[13] Oasis, ‘Cigarettes & Alcohol’

For all his habitual recourse to magnetic poetry set gobbledigook, Noel did once have a knack for connecting with the nail. To start off a song called ‘Cigarettes & Alcohol’ with the line “Is it my imagination, or have we finally found something worth living for?” takes a special kind of understanding of a mindset most of us have found ourselves in at some point or other. That the whole concept is pulled off with massive T. Rex riff steals and a vocal of absolute dunderheaded belief from the mighty Liam only underlines its gauche brilliance.

Junior misheard the title: “Are they in a hole?” Well, yes, usually – ha ha ha. It nearly works. She pulled a few snarly faces to match the raucous rock’n’roll but mainly busied herself with choosing the next records to play. “Put on the pink one [an odd special edition cover for Wham!’s The Final] first, then Girls Aloud.” I left that to Mum.

[7] Jay-Z ‘I Just Wanna Love U (Give It 2 Me)’

He was already well-enough-established by this point, largely thanks to forever soiling his legacy for a hit with the Little Orphan Annie-sponsored ‘Hard Knock Life’ back in 1998 – but now, right here, was where The Hov was riding highest: this hard-funk cut with ego on all cylinders, and The Blueprint album coming fast in the pipeline.

No diss-respect to Jay-Z’s laconic flow and easy rhyming, but the heavy lifting is handled by The Neptunes, and Pharrell Williams in particular. In 2001, before the horror of N*E*R*D’s second album, everything Williams touches is still turning gold and the descending, clipped riff and falsetto chorus are what makes ‘…Give It 2 Me’. So there.

Now, onto the Does Hip-Hop Have A Place At Glastonbury? debate…

Jokes. Junior took it easy, waiting for a good two or three minutes before clapping along to the springboard bass, bang on the rhythm. Come to think of it, I’m not sure she’s ever heard any of Noel Gallagher’s work – we can be pretty sure she won’t find much swing there.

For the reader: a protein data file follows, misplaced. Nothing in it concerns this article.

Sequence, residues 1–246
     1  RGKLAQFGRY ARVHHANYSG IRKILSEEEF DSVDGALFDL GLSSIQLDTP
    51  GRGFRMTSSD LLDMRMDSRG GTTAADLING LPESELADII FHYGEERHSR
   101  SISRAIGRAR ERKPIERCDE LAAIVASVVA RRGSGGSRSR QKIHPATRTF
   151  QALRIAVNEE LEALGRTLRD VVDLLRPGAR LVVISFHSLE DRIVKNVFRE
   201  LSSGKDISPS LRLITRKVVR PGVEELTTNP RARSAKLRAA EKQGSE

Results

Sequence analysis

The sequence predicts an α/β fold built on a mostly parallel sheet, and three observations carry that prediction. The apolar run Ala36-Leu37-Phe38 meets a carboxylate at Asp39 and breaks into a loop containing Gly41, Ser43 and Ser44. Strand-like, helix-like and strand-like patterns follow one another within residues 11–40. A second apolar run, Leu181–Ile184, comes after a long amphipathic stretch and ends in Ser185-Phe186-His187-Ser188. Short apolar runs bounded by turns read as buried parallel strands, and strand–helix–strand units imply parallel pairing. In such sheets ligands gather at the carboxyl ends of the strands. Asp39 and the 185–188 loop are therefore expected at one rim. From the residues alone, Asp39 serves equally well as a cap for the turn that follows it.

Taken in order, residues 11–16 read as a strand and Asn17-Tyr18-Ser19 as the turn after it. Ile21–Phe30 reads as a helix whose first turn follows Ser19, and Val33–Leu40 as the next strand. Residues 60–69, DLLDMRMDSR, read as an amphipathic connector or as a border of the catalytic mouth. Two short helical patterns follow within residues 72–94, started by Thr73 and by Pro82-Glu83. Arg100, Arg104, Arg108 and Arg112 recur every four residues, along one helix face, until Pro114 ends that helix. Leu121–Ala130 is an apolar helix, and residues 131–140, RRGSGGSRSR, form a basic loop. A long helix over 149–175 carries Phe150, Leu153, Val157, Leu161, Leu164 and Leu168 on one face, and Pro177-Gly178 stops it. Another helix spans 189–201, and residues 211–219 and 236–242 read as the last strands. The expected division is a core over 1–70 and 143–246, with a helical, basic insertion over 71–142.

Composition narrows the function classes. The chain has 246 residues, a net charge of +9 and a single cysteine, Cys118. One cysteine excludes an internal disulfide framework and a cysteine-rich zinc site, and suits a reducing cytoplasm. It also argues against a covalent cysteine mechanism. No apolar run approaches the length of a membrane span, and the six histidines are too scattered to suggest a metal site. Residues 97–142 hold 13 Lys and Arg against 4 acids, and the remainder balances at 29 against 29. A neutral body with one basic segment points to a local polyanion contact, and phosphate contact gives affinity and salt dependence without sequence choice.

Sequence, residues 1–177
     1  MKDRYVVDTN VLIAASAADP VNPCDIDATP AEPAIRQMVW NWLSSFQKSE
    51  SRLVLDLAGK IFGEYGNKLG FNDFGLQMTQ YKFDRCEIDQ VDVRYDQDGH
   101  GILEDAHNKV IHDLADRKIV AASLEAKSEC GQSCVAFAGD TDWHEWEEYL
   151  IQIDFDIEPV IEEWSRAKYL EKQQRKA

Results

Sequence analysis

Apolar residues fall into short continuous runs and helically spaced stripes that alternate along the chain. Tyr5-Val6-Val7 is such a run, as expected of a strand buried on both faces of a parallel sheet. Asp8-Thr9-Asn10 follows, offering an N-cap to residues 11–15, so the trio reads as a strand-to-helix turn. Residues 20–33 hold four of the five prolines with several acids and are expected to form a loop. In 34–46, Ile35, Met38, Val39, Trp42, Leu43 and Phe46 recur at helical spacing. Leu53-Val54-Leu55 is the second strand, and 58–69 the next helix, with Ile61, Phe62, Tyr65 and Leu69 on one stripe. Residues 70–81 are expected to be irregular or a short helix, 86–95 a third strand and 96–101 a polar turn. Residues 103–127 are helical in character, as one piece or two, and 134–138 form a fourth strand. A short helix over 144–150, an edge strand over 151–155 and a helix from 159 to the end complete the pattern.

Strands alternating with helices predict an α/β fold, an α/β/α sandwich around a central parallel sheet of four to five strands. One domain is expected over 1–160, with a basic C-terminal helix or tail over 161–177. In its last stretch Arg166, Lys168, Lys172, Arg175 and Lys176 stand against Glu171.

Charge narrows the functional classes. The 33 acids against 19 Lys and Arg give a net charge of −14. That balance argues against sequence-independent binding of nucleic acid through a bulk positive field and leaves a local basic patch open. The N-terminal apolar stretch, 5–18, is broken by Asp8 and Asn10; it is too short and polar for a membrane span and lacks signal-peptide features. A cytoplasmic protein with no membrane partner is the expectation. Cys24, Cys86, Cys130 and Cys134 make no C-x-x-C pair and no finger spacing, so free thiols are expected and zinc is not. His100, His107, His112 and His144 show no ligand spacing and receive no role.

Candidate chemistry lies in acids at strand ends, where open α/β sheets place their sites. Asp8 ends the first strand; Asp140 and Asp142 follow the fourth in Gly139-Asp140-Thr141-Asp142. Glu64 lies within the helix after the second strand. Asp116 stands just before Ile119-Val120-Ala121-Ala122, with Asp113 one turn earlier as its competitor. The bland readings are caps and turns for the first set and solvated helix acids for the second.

[20] The Chemical Brothers, ‘Hey Boy Hey Girl’

The Chemical Brothers

“Dad?” Junior fixed me with one of her quizzical looks. “Didn’t we have this in the 1995 chart?”

If it ain’t broke. The Chemical Brothers picked up ‘Leave Home’, dusted it off, souped it up with bleeps and sirens and punted it back out to an unsuspecting public. They would never have got away with it if “Superstar DJs, here we go!” didn’t sound so exciting in its hoary old way.

Junior really was agog for the first minute or two, no doubt speechless that anyone could show such brazen cheek rejigging their own records. Although, if she wants bare-faced idle chancing, she wants to hear the songs they did with Noel Gallagher.

Better not. Someone would only go and alert the Social.

They’d come round here with their dark wood interiors, beans on toast and flawless jukebox.

[16] The Chemical Brothers, ‘Leave Home’

When this came out, I thought I was hearing the future of music. Now that the Lo-Fidelity Allstars bestride the globe, I see that I was correct. 

Oh, come on. Fatboy Slim was quite successful.

One of the loudest records I own, this. The 12” was jumping all over the shop this morning though, so I had to dig out the Greatest Hits CD where this track doesn’t have quite the same punch. The block rockin’ beats still had Junior leaping about (with assistance, natch). She could see a future where techno and hip-hop link arms and breakdance to a Special K-fuelled tomorrow.

I think Noel Gallagher ruined The Chemical Brothers too – “How does it feel like..?” The rap sheet extends.

[17] Oasis, ‘Some Might Say’

So we come to Oasis’ last good single (don’t give me that ‘Wonderwall’ rubbish). A great tune, some – gasp – modern audio effects, a stirring chorus, the usual Noel guff in the lyrics. I read an interview with him last year, where he spoke with wonder about the fans who “understand lyrics I don’t even know the meaning of. ‘Stand up beside the fireplace, take that look from off your face’, what’s that all about? Even I don’t know!” Of course you don’t, Noel. You just threw your magnetic poetry set up in the air again.

Junior insists on standing up on her mum’s lap for this. We already know she likes the rock, and in her bell-bottomed flowery denim dungarees she looks the part. Well, she looks like a Slade fan, but what’s the difference? She pats her thighs and bends her knees with the rhythm.

‘The Hindu Times’ was very sort of ok, I suppose, but really, that bird has flown.